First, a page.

VIDEO: How Zondagh will fix the Bulls
WATCH as the Bulls’ new Director of Rugby, Alan Zondagh, explains how he will cure the ills that have plagued the franchise in recent years.
Development! That is the key word from Zondagh during his first formal media briefing.
However, it is not conventional development.
It is identifying talent and then developing them into world-class players. And there is also ‘developing’ the coaching structures.
At the announcement of his appointment in Pretoria this week, Zondagh boldly stated: “I think I’ve got an eye for talent.”
However, identifying talent and nurturing it are vastly different aspects and Zondagh is well aware of that.
“You can get the best players from school, but if you don’t really work with them properly and don’t develop them continuously, they are not going to be the players you want them to be by the time they get to professional rugby,” he told a media briefing.
Speaking about the priorities of his new position, Zondagh said “bringing the public back to Loftus” is right up there.
“This is not an easy job, but there are exciting times ahead,” he said, adding that he will be looking at the structures at Loftus Versfeld.
“There isn’t much that needs to be changed, but we will make a few alterations.
“We have excellent personnel in the structures here at the moment, so my goal will be to strengthen the coaching structure. That will allow the union to handle setbacks, like the departure of John Mitchell, much better.”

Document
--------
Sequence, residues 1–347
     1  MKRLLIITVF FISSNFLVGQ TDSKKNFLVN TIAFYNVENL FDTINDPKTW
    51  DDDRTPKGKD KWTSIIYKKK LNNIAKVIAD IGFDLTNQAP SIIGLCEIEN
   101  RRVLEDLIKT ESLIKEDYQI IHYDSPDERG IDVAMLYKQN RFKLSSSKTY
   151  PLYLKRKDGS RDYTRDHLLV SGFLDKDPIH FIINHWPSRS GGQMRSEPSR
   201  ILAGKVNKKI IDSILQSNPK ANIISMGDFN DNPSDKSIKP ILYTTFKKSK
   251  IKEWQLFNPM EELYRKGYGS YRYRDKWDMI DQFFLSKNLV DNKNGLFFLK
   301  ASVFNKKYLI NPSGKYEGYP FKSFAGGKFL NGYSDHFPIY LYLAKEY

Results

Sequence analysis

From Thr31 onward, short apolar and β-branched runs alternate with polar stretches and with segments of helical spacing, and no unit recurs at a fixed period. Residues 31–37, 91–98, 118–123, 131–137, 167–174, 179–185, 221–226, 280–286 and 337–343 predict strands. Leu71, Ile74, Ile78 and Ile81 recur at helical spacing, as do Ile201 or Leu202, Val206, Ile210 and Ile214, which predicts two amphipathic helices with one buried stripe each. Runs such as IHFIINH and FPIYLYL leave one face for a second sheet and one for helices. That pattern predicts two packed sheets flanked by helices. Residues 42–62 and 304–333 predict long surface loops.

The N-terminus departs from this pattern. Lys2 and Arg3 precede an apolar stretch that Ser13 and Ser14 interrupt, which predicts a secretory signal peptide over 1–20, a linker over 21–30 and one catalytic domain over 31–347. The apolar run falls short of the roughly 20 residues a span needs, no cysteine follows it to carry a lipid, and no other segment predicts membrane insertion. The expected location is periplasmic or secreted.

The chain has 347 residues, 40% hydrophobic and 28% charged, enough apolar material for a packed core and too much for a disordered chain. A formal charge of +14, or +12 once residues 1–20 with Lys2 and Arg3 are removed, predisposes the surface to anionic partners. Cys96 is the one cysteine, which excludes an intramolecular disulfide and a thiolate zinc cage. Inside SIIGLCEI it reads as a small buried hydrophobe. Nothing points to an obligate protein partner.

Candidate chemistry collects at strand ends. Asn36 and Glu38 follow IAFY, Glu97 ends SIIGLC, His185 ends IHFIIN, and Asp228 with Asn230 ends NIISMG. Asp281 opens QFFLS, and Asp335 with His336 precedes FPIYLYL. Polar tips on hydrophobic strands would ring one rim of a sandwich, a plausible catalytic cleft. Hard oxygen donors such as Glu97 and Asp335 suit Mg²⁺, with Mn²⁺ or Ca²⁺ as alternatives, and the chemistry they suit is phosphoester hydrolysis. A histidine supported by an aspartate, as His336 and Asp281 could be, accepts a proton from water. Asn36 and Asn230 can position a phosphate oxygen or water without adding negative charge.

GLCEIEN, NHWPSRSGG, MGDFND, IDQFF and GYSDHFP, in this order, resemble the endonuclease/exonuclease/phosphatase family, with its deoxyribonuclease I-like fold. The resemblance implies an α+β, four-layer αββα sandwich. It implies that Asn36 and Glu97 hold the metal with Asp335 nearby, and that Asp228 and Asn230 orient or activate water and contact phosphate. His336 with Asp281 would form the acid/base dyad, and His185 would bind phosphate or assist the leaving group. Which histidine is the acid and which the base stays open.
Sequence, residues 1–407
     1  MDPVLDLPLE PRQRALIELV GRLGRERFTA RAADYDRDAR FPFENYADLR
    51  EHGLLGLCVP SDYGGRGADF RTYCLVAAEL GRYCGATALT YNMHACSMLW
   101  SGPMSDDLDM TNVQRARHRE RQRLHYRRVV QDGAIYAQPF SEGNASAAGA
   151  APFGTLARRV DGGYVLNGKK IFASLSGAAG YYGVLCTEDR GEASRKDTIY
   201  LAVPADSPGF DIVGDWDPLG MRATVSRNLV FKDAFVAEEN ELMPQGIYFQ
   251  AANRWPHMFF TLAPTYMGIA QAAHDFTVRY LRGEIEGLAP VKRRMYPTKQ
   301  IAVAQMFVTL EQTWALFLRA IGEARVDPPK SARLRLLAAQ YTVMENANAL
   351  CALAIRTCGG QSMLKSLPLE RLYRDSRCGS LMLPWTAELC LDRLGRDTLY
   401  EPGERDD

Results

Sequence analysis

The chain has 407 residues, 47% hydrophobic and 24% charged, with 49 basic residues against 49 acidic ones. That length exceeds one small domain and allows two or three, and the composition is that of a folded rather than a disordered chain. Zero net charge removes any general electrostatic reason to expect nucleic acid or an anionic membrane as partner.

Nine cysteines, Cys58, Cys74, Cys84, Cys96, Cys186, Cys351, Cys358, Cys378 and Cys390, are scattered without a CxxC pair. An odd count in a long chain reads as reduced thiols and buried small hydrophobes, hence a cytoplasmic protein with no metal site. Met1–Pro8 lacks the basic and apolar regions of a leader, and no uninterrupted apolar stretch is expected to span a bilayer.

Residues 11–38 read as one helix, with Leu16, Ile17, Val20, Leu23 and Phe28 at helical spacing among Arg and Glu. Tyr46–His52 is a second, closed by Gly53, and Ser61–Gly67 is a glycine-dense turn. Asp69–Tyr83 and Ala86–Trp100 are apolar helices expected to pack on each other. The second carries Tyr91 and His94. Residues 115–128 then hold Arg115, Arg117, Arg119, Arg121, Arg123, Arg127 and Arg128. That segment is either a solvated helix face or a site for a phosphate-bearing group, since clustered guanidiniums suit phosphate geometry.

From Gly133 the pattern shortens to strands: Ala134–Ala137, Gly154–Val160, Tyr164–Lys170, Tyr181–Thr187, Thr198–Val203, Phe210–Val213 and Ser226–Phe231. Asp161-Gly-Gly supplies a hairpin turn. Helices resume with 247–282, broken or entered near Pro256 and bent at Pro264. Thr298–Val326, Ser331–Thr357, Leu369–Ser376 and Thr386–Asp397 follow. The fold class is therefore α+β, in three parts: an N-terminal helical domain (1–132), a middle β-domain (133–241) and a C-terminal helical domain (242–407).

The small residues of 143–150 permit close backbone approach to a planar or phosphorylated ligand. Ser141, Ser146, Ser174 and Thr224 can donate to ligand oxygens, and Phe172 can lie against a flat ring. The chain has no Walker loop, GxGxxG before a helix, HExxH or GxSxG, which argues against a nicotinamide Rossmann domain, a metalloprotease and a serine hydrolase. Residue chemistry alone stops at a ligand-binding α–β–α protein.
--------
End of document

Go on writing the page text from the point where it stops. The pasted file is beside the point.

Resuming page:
However, when it comes to player development, Zondagh feels franchises and unions have to look at the way they conduct themselves.
“We all have a financial problem,” he said, adding: “We have to do things a bit different.
“I’ve worked with young players for many years and I think the most important thing at a union or franchise like this is the Super Rugby team. And if we get young players into our system, we have to develop them in such a way that they are knocking on the Super Rugby door every year.
“I speak to a lot of unions across South Africa and they agree players might win Under-19 and Under-21 competitions, but there isn’t really a player who came through that system and is knocking on the door of Super Rugby.
“That is real development. It’s no use winning at U19 and U21 levels every year, but you’re not really making progress in Super Rugby.
“I coached in Europe and I know you now need bigger squads. [However], we had a squad of 36 players at Saracens. The last six of the 36 were our young players.
“We have to look at our systems and get it to where our young players break into the Super Rugby squads. That is my main job.
“It takes a player about five years before he gets to senior rugby. So you have to invest five years into most players. And I’m not talking about the Pollards, Lambies. I’m talking about the rest of the boys.”